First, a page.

And also, knowing that all parties vying for my vote are a shower of %$&£*, it doesn’t matter who gets in, and I won’t have to beat myself up again for voting/trusting the wrong one!

  • 21. Daniel  |  May 1, 2019 at 5:39 pm

    …the alternative Julian is pick a single issue that’s dear to your heart….and vote for that!

    ….I wonder who’s mentioned the flowers….

  • 22. Deedee  |  May 1, 2019 at 5:50 pm

    Knowing I would be away on polling day I applied for a postal vote, soon after my application I recited notification my application had been successful and this was end of March,2 weeks later and I hadn’t received my voting card and didn’t get my postal voting card before I left the UK which is very disappointing !

  • 23. newcomer  |  May 1, 2019 at 8:35 pm

    Bit puzzled re. your post at (16) Daniel.

    “However, when you turn up to vote – whether you spoil or not; it is recorded that you did turn up.”

    So you turned up (as voting is important) and spoiled as a comment on the alternatives (individuals/party offerings/policies) on offer. The larger the percentage of spoiled ballots the more forceful the point made.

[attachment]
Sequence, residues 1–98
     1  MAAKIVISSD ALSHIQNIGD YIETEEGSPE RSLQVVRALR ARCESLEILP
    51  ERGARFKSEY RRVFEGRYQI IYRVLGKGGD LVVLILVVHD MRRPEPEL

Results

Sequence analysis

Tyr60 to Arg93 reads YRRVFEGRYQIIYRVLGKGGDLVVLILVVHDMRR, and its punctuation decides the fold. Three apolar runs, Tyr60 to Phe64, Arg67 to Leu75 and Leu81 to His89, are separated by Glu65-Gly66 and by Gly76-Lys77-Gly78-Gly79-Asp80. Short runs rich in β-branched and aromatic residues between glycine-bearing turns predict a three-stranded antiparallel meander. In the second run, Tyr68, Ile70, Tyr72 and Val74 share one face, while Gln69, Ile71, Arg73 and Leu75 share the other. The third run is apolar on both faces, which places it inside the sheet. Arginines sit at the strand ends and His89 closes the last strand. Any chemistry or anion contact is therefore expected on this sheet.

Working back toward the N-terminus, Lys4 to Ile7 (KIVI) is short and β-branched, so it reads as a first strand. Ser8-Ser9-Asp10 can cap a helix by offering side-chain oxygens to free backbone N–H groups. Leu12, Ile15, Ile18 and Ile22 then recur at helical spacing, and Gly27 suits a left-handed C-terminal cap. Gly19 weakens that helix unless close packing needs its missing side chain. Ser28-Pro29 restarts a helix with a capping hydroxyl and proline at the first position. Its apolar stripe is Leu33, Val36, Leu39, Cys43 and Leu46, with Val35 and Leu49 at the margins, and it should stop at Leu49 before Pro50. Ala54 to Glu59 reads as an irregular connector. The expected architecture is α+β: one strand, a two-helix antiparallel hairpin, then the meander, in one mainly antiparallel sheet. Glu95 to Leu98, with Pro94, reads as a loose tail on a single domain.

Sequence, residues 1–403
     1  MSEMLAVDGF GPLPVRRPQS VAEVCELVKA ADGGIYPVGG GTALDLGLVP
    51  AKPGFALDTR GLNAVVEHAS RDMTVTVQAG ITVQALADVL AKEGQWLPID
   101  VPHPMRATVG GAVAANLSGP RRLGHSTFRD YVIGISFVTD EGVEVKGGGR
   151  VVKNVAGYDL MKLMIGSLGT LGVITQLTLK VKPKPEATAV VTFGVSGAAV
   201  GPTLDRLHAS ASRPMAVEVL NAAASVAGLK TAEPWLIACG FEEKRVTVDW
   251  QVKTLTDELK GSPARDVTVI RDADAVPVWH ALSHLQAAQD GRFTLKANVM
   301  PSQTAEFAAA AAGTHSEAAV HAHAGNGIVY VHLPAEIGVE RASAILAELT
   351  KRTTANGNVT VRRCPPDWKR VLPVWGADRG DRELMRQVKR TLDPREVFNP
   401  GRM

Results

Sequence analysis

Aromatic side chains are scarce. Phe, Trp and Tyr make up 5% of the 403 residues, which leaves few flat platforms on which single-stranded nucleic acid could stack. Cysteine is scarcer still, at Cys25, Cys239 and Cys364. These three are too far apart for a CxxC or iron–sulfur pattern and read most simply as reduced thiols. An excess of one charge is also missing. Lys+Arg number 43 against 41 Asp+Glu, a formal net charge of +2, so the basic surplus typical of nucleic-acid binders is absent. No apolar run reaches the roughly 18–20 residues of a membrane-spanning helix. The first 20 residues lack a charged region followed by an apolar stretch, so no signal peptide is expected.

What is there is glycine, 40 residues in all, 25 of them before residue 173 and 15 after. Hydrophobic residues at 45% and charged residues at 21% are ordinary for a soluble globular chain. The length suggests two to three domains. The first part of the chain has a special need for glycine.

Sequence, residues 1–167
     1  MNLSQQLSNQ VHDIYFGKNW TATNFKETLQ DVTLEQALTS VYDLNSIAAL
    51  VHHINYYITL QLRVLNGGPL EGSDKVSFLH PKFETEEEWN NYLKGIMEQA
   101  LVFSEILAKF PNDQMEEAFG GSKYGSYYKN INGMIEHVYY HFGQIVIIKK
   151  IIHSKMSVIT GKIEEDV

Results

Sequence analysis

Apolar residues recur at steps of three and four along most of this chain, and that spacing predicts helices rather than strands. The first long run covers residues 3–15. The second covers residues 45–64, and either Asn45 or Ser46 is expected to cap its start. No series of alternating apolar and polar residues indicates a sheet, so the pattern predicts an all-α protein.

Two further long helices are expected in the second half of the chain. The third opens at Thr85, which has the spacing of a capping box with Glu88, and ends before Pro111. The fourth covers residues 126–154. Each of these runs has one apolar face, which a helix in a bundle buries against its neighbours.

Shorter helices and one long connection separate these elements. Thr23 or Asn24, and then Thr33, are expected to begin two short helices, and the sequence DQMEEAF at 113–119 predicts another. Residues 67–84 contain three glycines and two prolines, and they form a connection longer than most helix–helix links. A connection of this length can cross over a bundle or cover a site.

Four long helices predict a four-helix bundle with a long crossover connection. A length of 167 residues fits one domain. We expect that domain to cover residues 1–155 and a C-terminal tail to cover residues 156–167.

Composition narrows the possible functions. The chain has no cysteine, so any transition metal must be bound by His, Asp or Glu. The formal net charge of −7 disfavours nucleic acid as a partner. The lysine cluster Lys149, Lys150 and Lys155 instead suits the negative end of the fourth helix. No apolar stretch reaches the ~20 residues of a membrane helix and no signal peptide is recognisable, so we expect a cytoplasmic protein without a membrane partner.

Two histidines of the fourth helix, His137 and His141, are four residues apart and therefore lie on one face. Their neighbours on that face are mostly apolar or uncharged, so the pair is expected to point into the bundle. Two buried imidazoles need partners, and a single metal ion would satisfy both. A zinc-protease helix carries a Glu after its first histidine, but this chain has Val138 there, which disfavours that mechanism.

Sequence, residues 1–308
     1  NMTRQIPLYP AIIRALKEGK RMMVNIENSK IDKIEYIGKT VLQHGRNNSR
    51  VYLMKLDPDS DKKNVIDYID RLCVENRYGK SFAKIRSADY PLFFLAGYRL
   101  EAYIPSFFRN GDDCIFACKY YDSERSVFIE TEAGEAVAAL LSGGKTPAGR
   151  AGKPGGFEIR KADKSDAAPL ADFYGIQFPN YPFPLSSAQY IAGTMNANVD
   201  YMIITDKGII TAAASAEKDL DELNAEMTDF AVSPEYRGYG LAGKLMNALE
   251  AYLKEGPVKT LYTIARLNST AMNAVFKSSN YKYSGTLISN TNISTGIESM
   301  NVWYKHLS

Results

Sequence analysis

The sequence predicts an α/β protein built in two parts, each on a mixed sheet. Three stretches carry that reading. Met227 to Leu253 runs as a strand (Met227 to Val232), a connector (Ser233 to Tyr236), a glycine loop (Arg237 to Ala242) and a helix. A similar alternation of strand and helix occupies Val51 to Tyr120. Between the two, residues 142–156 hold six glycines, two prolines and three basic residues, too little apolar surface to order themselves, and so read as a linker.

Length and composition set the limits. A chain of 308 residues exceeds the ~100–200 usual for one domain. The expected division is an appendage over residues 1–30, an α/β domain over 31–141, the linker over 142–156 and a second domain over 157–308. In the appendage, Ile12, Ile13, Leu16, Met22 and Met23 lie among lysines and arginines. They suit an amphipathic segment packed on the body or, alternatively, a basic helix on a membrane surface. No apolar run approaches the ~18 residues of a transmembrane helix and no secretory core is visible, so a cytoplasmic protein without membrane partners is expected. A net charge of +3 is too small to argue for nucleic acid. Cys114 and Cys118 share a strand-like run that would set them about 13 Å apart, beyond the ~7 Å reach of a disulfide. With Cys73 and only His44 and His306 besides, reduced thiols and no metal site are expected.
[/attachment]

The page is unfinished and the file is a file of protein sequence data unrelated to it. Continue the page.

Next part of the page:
“There is a greater (albeit still tiny) chance that you not turning up will prompt a concerned politician to at least contact you and ask why you didn’t vote and what can they do to galvanise your voting effort next time….”

    ‘Tiny’ … I would say ‘infinitesimal …’

    “People will say that not turning up is lazy (or something). But only you know if you ‘cant be bothered’ or if you ‘chose not to vote’. But at least it gets noticed.”

    Turning up and spoiling is not lazy and people are more likely to know that you felt strongly enough to bother.

    Perhaps I’m wrong … perhaps revolutions are won by the stay-at-homes … Viva Che! Viva la Silent Majority!

  • 24. Daniel  |  May 1, 2019 at 10:09 pm

    If someone comes and knocks on your door and says “I see you didn’t vote last week, I was wondering why that might be and what might inspire you to exercise your vote?”

    Vs

    250 people spoiled their votes, can just get interpreted that they do not know how to work a pencil.

    Over our next pint I’ll argue that an unacknowledged, not looked at, spoiled vote may make you feel better but is ultimately worth less than a thoughtful considered decision to not exercise your choice to vote.